Dr D Holburn and Prof A Nathan
Timing and Structure
Lent term. 12 lectures (including examples classes) + coursework. Assessment: 75% exam/25% coursework
3B1, 3B2, 3B5 assumed; 3B3, 3B6 useful
The aims of the course are to:
- describe the design, technology and manufacture of MOS integrated circuits and future nanoscale electron devices.
As specific objectives, by the end of the course students should be able to:
- have developed an awareness of the requirements for IC technology.
- understand how device miniaturisation has led to improved device performance and the potential limits to this process.
- understand the design process for CMOS ICs.
- appreciate the vital role of CAD in microelectronic design.
- recognise the potential of VLSI technology in information engineering.
- understand how performance and cost are related to design and process technology.
The aim of this module is to describe the design, technology and manufacture of MOS integrated circuits and future nanoscale electron devices. It will provide a firm foundation for those wishing to pursue careers in applications or in research/development in the field of semiconductor devices/circuits.
VLSI Design and CAD of MOS Integrated Circuits (8L, Dr D M Holburn)
- Challenges of designing complex CMOS circuits.
- Hierarchical design, layout and design rules.
- Parasitic elements, simulation and verification.
- VLSI circuit techniques.
- Case study: a typical i.c. design.
Integrated Devices and VLSI Technology (4L, Prof. A Nathan)
- Challenges of VLSI technology.
- Example of CMOS: fabrication
- Case study of i.c. technology.
- Recent developments and future prognosis.
Lecture Syllabus/Written exam (1.5 hours) - Start of Easter Term/75%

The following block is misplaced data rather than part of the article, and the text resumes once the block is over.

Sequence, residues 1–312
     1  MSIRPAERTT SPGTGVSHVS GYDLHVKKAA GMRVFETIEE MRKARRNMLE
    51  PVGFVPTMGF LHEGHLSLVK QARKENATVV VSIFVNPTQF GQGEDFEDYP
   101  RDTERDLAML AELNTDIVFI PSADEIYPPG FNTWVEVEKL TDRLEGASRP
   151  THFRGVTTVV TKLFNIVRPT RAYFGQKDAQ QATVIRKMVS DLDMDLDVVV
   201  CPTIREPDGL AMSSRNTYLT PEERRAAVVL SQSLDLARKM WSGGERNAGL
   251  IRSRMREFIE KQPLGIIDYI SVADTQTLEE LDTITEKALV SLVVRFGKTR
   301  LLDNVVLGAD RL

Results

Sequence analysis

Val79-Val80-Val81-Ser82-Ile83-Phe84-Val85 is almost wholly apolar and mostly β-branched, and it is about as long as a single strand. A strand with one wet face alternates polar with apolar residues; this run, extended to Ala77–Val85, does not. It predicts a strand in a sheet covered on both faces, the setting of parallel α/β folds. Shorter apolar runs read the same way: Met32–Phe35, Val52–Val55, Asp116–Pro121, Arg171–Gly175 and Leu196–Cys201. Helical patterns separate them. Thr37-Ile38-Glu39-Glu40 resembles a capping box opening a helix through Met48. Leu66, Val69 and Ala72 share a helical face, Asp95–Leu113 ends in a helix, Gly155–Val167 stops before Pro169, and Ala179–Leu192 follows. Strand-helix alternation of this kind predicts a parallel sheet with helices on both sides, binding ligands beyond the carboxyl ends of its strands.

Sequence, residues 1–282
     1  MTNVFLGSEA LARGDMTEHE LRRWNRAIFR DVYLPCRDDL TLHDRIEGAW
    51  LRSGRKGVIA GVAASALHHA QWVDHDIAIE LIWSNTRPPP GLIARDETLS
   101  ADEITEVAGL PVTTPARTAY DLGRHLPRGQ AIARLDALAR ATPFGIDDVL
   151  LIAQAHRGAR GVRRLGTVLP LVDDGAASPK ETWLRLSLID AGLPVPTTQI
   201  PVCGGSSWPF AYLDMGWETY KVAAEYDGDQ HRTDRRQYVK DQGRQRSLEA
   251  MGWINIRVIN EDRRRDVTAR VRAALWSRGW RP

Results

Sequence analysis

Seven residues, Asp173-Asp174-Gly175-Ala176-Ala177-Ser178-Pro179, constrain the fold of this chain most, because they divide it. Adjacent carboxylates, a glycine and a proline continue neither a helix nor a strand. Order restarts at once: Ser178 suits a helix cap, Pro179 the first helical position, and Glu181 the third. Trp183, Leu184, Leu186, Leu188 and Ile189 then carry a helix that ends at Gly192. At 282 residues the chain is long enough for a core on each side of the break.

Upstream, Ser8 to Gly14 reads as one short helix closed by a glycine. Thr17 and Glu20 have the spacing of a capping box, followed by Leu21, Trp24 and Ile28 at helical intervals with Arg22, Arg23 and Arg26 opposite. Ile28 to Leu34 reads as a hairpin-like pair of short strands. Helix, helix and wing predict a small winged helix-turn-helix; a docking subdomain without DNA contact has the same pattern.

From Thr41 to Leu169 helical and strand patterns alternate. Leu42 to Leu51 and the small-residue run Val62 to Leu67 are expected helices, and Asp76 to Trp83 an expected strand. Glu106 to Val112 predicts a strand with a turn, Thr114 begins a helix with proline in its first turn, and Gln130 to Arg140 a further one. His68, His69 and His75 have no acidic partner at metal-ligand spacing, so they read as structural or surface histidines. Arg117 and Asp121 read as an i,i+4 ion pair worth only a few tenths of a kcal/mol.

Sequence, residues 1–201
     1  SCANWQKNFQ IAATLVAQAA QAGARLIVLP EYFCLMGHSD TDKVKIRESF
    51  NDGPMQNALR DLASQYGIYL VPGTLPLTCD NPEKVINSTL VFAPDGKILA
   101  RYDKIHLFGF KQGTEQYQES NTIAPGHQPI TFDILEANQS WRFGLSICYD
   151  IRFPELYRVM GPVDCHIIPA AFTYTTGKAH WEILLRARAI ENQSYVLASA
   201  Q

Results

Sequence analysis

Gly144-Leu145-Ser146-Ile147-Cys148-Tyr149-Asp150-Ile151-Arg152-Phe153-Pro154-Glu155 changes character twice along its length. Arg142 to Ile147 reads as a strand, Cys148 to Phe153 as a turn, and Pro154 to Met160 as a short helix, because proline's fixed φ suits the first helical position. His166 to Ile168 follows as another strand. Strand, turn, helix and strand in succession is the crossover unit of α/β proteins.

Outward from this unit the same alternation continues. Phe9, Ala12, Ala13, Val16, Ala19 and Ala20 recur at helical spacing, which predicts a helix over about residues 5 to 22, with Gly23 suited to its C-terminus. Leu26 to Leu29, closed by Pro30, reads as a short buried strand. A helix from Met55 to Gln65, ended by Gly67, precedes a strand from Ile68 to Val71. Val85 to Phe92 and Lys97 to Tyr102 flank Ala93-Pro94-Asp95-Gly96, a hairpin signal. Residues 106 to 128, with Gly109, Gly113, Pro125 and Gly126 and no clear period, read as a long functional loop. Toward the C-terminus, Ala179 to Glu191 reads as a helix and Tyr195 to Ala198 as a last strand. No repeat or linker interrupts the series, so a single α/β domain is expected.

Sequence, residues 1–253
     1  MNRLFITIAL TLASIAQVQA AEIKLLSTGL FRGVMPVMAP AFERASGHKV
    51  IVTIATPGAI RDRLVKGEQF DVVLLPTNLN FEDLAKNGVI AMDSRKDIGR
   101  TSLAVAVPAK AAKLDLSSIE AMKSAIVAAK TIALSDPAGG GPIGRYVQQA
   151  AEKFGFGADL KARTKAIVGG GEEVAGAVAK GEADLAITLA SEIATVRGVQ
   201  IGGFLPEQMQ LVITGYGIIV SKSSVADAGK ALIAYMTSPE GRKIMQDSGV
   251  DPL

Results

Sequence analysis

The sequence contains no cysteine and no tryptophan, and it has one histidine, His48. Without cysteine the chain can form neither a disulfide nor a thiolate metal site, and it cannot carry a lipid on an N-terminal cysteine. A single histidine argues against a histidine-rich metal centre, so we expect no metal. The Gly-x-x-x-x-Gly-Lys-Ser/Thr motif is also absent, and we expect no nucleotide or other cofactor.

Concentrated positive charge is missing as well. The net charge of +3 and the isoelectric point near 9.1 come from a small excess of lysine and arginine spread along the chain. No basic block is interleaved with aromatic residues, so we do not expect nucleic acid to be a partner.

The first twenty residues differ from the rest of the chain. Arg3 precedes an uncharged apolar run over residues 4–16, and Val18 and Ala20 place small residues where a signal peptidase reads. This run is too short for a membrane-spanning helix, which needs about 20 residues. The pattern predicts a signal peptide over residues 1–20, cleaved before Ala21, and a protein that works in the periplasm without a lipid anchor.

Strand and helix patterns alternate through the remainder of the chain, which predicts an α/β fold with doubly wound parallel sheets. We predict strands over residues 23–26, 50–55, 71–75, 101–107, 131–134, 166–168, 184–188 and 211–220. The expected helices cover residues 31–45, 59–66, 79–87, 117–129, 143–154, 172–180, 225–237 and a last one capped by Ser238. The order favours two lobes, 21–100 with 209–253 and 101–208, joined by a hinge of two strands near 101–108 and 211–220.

Coursework/Report - End of Lent Term/25%
Either (a) 2 hour laboratory practical to assess the performance of CMOS devices and ring oscillators, with a 4 side report;
or (b) 2 hour hands-on scanning electron microscope examination of devices and circuits, with 4-side report;
Please see the Booklist for Group B Courses for references for this module.
Please refer to Form & conduct of the examinations.
The UK Standard for Professional Engineering Competence (UK-SPEC) describes the requirements that have to be met in order to become a Chartered Engineer, and gives examples of ways of doing this.
UK-SPEC is published by the Engineering Council on behalf of the UK engineering profession. The standard has been developed, and is regularly updated, by panels representing professional engineering institutions, employers and engineering educators. Of particular relevance here is the 'Accreditation of Higher Education Programmes' (AHEP) document which sets out the standard for degree accreditation.
The Output Standards Matrices indicate where each of the Output Criteria as specified in the AHEP 3rd edition document is addressed within the Engineering and Manufacturing Engineering Triposes.
Last modified: 31/05/2016 09:11